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Technology - A Novel Reusable Arsenic-Selective Material In Use In Indian Villages

Arup K. SenGupta

In Bangladesh and India, drinking water drawn from underground sources has been responsible for widespread arsenic poisoning affecting over 80 million people. A novel polymer-based hybrid arsenic selective adsorbent (HAIX), originally developed in Lehigh University, Pennsylvania, is currently in use in a village (Ashoknagar) in N. 24 Parganas, West Bengal to provide arsenic-free water  to three hundred (300) families who do not have any other source of reliable drinking water.

The newly synthesized material is essentially an ion exchanging polymer within which the nanoscale iron oxide particles have been dispersed using a chemical-thermal technique developed at Lehigh University. The effort was part of an ongoing collaborative project between Lehigh University in PA, USA and Bengal Engineering College in Howrah, West Bengal. The project is partially funded by the Water For People (WFP) in Denver, Colorado. The concentration of arsenic in the groundwater in the village is over 100 parts per billion. Arsenic concentration in the treated water is consistently less than 10 parts per billion in the well-head treatment unit although the current Indian standard requires 50 parts per billion. The arsenic-selective material, ArsenX, is very durable, mechanically strong and now commercially available through a licensee agreement between Lehigh University and SolmeteX Co., MA (www.solmetex.com). The material is amenable to efficient regeneration and can be reused for tens of cycles.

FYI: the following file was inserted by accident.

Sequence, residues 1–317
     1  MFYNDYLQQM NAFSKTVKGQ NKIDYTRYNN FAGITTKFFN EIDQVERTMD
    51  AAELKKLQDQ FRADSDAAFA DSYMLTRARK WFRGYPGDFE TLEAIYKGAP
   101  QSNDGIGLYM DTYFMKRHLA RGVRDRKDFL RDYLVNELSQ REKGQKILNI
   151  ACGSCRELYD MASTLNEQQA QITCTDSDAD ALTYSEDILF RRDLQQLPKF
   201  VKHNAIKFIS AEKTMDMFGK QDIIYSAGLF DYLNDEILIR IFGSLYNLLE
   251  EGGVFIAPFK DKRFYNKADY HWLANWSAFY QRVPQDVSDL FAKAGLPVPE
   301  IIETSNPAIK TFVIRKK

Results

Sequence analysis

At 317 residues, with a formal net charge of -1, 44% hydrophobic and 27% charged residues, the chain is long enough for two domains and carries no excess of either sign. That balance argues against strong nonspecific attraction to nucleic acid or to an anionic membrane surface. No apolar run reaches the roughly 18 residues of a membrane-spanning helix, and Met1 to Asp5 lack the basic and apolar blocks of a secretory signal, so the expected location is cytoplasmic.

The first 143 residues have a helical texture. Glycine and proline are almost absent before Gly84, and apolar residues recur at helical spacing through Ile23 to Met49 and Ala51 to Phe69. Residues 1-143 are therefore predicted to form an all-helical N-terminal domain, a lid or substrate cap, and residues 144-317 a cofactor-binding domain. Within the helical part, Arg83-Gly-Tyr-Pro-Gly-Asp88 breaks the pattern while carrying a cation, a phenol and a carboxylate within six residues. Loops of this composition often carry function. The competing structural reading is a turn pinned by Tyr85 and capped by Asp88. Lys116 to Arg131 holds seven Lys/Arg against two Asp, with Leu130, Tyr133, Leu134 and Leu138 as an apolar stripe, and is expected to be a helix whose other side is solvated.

Several metal oxide nanoparticles offer high sorption affinity toward toxic arsenic compounds present in contaminated groundwater in Indian subcontinent. However, these metal oxide particles are mechanically weak and not durable. On the contrary, polymeric ion exchangers are mechanically strong and very robust but have poor sorption affinity for arsenic compounds. At Lehigh University, hybrid particles have been prepared by dispersing iron oxide nanoparticles within polymer beads containing appropriate ion exchange properties. These hybrid particles (HAIX) are spherical, extremely durable and highly arsenic selective. They are also amenable to regeneration and reuse for tens of cycles with life expectancy of over ten years. Besides being in use in two villages in West Bengal, the HAIX material is undergoing field trials in California, New Mexico, Arizona and New Hampshire for application in North America.

The hybrid adsorbent material (HAIX) is capable of removing both arsenic(V) and arsenic(III)  simultaneously. The well-head arsenic removal system is operationally simple and does not require any electricity or addition of chemicals. Villagers are responsible for day to day operation of the unit through a villagersí committee and each family contributes 30 US cents (10 Indian Rupees.) for the upkeep and regeneration of the unit. More pertinent information is available in http://www.lehigh.edu/~aks0/aks0.html

(Arup K. SenGupta is P. C. Rossin Professor and Chairperson of Department of Civil & Environmental Engineering at Lehigh University. He can be reached at 610-758-3534. )

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